4. The packaging is the ONLY truly ecologically friendly packaging I have encountered. The soap nuts arrive in a reusable muslin bag which can be used for laundering delicates or carrying toiletries when you travel. No plastic–not even any cardboard! Nothing to throw away at all–big score in my book.
  5. How do they work? The soap nuts come with 5 ‘wash bags’ into which you place about 5 soap nuts. Place this in the washing machine along with dirty laundry. If you have hard water, add 1/2 cup of baking soda, but I have not found this necessary. There will be very little, if any, suds. Before moving the laundry to your dryer (assuming you use one), take the wash bag out of the laundry to reuse in your next load (or if need be, replace the nuts with new ones). The soap nuts can be reused up to 7 times. I find after about 5 times they begin to lose effectiveness, but your results may vary.  They can be used with an HE washing machine.
  6. What if you REALLY aren’t up to trying something new, and simply want an effective laundry liquid? If you can’t abide the idea of change and simply MUST have a liquid detergent, try this liquid made from soap nuts. Very effective, a bit less environmentally friendly. But still a solid A- from Eco-friendly Girl.

I truly hope you found this review of the various all-natural laundry detergents helpful. Please post any questions you might have below and I will do my best to answer them!

Oh, and yes, I get a small (tiny, really) affiliate fee if you click on any of these links–but it will NOT change the price you pay one iota. 

ETA: A couple of people have asked me about STAINS. Do the soap nuts get them out? Yes and no. I have found them very effective for the majority of stains that my family gets on their clothing. But once in a while, for heavy duty grease stains in particular, I have needed to pre-treat the clothing. For pre-treating, I highly recommend the organic, non-toxic Stain Stick – Goat Milk Soap Half Felted Stain Stick. It is really good. Even my husband, a life-long user of Shout stain remover (I know, awful) concedes that this product is just as effective.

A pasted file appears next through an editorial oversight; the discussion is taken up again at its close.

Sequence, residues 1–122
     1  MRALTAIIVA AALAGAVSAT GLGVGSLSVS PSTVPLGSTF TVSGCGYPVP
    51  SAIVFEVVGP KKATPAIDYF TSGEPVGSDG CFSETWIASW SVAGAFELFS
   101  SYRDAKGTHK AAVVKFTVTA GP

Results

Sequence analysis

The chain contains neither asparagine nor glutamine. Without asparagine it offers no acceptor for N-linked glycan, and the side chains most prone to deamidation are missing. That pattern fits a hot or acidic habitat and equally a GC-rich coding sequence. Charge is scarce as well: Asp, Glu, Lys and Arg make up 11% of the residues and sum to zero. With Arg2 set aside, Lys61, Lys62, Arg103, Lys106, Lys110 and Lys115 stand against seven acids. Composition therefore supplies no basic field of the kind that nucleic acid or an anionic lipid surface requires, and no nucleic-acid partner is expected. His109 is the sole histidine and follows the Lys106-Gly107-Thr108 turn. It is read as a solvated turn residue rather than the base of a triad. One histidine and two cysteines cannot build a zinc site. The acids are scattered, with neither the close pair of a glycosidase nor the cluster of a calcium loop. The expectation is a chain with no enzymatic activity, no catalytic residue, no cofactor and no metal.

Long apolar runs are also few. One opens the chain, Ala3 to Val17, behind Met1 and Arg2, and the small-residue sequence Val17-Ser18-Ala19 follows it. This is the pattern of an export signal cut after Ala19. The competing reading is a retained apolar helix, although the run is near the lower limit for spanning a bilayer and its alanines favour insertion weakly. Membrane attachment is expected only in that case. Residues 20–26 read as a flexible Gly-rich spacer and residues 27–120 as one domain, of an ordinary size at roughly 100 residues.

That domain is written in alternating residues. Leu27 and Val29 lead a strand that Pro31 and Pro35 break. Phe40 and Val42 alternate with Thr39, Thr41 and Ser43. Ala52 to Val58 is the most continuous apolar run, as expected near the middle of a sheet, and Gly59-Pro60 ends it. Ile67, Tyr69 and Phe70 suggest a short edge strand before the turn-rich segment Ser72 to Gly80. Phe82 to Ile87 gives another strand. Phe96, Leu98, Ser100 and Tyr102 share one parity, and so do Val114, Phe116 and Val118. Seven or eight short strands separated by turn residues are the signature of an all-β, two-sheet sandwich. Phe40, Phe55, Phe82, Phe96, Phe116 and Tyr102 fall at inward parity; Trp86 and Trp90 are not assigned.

Post Author: Hillary

26 thoughts on “Best All Natural Laundry Detergent for Baby and You? Reviews.

    Brandon Parker

    (May 5, 2016 - 10:38 pm)

    My wife would love your website. When we had our daughter we ran into some problems with our laundry detergent causing her skin to break out. We hadn’t even thought of how sensitive her skin would be, Then she got diagnosed with mild eczema and the whole thing was a crappy experiance.


      (May 5, 2016 - 10:46 pm)

      ugh, sorry to hear of your daughter’s issues. there are SO many weird and dangerous ingredients in laundry detergent! it’s just easier and safer to use the soap nuts, which have basically NO ingredients LOL. Good luck with your daughter going forward!


    (May 5, 2016 - 10:44 pm)

    Great write up on natural laundry detergents. My wife and I make our own but it’s certain not all natural by any means. I’ll have to share this with her.


      (May 5, 2016 - 10:45 pm)

      making your own is a great alternative! just be sure to avoid borax–a lot of homemade laundry soaps contain it.


    (May 6, 2016 - 4:34 am)

    Hi Hillary,